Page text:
We generally consider pulled pork as coming off the barbecue tender, smoky and delicious. That my dear readers are some tasty vittles to be sure. It also requires a serious amount of time outdoors tending to your rig, maintaining the fire and laboriously mopping your pig to keep it moist. What I'm offering you today is a ridiculously easy way to get the same lick smacking juicy and tender pork with a different flavor profile, no smoke, but in its place fragrant herbs, onions and garlic.
By using the sous vide technique we have minimal preparation time with none of the angst!
Pulled pork comes from the pork shoulder and there are many names for it; Boston butt, pork butt, pork shoulder. It can be boneless or bone-in and comes from the upper shoulder of the pig.
So why do we sometimes call it pork butt or Boston butt? Well my young porky Padawan there are a few stories that clarify just that. The most credible for me goes back to colonial days when the lesser cuts of meat (pork shoulder being one of them) was transported in casks and barrels that were referred to as ‘butts’. Much of cargo going in and out of the US came through Boston, so Boston became synonymous with ‘pork butts’ – thus I give you the Boston butt.
Pork shoulder is considered a tougher meat and is chock full of fat. That’s why it works so well in traditional BBQ because it requires hours upon hours of slow cooking to tenderize while the fat maintains the moisture. That's also why the sous vide technique is also perfect for my pulled pork. Be careful when you remove the butt from the bag it's going to extremely tender and please don't discard the incredibly flavorful cooking juices left in the bag. I like to moisten the meat up after I hand pull it for a final flavor boost.
I love it on nachos but whether you put it on a bun, stuff it inside tortillas or add it to soups this pulled pork sous vide will become your new best friend.
• 3 tablespoons olive oil
• 1 large onion, peeled and cut julienne
• 5 large garlic cloves, peeled and crushed
• 1/2 cup thyme, fresh, minced
• 2 large bay leaves
• 1/4 cup kosher salt, coarse, or as needed
• 1 whole pork shoulder, bone-in
1. Preheat the SV1 to 162°F/72°C
2. In a large skillet over medium heat add the olive oil and when hot follow with onions and garlic.
3. Salute the mixture for 5-10 minutes or until the onions and garlic are softened and translucent.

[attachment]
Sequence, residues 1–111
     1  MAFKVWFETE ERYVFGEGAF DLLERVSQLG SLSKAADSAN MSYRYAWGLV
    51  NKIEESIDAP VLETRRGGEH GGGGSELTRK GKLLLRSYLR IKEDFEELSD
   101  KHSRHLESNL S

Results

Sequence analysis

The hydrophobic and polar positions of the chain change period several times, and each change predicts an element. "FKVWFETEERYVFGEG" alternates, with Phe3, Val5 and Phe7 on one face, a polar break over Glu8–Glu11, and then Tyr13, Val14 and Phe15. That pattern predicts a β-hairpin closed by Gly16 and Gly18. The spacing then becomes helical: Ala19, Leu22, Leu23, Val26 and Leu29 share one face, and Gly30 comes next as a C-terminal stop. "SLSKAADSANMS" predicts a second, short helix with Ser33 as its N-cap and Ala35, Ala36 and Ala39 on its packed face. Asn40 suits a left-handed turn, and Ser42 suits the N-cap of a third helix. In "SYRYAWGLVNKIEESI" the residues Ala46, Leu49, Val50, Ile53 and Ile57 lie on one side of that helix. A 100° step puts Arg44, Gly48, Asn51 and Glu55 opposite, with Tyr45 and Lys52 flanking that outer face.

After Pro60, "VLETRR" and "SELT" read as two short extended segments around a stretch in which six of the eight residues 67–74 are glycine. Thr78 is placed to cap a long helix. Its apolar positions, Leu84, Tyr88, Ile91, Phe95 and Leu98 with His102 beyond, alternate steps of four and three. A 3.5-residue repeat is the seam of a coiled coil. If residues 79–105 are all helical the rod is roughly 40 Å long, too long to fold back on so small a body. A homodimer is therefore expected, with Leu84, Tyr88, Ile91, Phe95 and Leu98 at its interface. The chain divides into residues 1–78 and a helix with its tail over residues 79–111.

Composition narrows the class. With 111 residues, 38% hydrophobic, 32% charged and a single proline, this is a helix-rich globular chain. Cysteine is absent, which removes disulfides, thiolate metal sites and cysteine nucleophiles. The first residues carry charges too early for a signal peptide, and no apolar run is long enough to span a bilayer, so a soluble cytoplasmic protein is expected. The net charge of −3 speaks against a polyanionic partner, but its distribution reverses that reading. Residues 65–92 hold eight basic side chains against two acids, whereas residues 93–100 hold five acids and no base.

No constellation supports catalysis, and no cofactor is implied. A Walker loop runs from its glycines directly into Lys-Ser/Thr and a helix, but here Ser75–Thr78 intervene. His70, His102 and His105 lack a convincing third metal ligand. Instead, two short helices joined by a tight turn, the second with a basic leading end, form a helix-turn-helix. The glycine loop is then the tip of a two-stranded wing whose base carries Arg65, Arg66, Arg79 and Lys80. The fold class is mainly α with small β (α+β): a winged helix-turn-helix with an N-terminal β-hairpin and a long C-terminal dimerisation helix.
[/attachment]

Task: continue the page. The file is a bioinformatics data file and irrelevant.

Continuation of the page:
4. Fold in the fresh thyme and bay and heat through about 1 minute or so.
5. Remove the mixture from the heat and let cool completely reserve.
6. Rub the entire surface of pork shoulder with the salt.
7. Using a suitably sized large VacMaster bag add the pork shoulder and follow with the completely cooled onion mixture.
9. Gently place the bagged pork shoulder in the preheated SV1 and cook for 24-26 hours.
10. Keep your eye on the water level and be prepared to top off with hot water. Depending on your setup it’s a good idea to cover the water tank of the SV1 with a lid or plastic wrap to slow down evaporation.
11. Remove the pork shoulder from the SV1 and carefully remove from the pork from the bag and reserve the cooking juices.
12. Preheat the oven to 400°F/205°
13. Place the hot cooked pork shoulder fat side up on a suitable sized cutting board. Gently pat dry with paper towel and using the tip of a sharp knife cut parallel lines on the surface of the shoulder fat being careful not to cut into the meat. Repeat in the other direction at a 60-degree angle from the first, resulting in diamond shapes.
14. Place pork shoulder fat side up on roasting pan or similar and place into the preheated oven and roast for 10–15 minutes, or until the surface caramelizes and is nicely browned and crispy.
15. Remove the pork from the oven and let cool.
16. When cool enough to handle begin to pull and shred the pork with your fingers. Alternatively use a large knife and cut the pork.
17. Place the pulled pork in a large bowl and moisten with the reserved cooking juices.
18. Serve immediately